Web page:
Sunday, August 26, 2007


Homeopathy (also spelled homœopathy or homoeopathy), from the Greek words όμοιος, hómoios (similar) and πάθος, páthos (suffering, disease),is a type of alternative medicine, highly controversial among experts, that aims to treat "like with like." The term "homoeopathy" was coined by the German physician Christian Friedrich Samuel Hahnemann (1755–1843) and first appeared in print in 1807.


Homeopathic treatment involves giving a patient with symptoms of an illness extremely small or nonexistent dose of the agents that, according to its canon, produce the same symptoms in healthy people when exposed to larger quantities. A homeopathic remedy is prepared by diluting the substance in a series of steps. Most homeopathic remedies are so highly diluted that few molecules of the original substance are likely to remain after dilution so rendering them ineffective as treatments.Homeopathy asserts that the remedy will retain a memory of the diluted substance and the therapeutic potency of a remedy can be increased by serial dilution combined with succussion, or vigorous shaking.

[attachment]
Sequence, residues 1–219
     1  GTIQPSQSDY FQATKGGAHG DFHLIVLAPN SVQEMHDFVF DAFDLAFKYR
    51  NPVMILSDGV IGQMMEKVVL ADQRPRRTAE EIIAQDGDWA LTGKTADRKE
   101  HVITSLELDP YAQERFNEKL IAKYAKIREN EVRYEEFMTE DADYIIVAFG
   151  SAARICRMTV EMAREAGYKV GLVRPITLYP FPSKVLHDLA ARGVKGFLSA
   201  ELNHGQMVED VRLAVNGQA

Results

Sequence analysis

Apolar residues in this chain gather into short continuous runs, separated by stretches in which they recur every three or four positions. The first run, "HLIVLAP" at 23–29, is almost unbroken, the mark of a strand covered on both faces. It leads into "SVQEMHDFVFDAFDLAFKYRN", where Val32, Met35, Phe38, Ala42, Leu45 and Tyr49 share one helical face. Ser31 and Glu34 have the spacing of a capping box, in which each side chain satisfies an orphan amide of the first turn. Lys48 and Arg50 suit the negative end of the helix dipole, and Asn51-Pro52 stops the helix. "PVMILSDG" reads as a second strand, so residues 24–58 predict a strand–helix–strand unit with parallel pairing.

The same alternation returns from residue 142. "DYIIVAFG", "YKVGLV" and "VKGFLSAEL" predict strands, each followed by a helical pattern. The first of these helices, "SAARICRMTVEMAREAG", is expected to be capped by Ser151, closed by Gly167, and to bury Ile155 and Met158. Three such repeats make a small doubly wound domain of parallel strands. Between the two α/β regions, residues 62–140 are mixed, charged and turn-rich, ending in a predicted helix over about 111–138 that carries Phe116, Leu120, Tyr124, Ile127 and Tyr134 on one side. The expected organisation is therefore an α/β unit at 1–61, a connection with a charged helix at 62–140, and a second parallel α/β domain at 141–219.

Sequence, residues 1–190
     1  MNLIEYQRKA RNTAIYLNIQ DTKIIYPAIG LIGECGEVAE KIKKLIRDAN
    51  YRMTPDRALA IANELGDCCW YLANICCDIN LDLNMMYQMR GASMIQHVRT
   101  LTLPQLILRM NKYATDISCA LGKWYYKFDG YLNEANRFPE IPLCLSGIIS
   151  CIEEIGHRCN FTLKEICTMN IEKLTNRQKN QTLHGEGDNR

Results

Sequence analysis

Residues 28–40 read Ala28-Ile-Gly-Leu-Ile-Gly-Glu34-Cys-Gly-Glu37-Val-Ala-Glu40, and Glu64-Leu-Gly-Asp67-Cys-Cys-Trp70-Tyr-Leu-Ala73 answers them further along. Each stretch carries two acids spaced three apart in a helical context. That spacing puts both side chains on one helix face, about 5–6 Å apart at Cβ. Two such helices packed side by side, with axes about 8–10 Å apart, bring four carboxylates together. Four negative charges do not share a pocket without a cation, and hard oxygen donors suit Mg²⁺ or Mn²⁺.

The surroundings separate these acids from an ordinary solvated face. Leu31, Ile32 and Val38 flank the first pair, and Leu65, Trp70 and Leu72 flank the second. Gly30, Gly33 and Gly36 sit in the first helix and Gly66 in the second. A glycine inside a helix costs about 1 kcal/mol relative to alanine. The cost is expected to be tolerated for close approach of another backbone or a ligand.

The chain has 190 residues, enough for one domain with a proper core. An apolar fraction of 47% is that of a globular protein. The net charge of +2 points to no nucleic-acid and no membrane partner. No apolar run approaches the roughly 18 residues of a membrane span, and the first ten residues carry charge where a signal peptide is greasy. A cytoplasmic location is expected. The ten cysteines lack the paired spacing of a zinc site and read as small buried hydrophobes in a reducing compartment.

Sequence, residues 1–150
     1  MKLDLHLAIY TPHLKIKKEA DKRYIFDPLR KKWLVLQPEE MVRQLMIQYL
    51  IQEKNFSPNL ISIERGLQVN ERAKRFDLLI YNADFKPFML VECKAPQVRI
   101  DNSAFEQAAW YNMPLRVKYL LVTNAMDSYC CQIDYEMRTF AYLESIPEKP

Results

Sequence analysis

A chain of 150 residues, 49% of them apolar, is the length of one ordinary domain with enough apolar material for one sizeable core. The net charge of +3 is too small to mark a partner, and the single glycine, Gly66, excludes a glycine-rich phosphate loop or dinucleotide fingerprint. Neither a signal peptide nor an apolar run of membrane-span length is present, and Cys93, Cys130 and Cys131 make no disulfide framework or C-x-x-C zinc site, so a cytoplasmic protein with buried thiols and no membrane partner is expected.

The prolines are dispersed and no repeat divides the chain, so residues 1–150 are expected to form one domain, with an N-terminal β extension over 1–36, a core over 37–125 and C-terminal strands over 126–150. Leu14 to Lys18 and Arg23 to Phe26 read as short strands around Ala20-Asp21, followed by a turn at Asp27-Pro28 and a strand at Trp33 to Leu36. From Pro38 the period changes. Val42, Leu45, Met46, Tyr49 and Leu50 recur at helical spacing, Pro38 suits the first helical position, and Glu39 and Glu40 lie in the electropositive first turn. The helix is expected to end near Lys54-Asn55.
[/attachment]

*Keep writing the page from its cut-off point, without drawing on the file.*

Since its inception homeopathy has received significant criticism on scientific and medical grounds. The belief that extreme dilution makes drugs more powerful by enhancing their "spirit-like medicinal powers" is inconsistent with the laws of chemistry and physics and the observed dose-response relationships of conventional drugs. Several pro-homeopathic articles published in highly regarded journals were later withdrawn. Additionally, the use of homeopathic drugs to prevent malaria infection has had life-threatening consequences.Consequently, critics of homeopathy have described it as pseudoscience and quackery.

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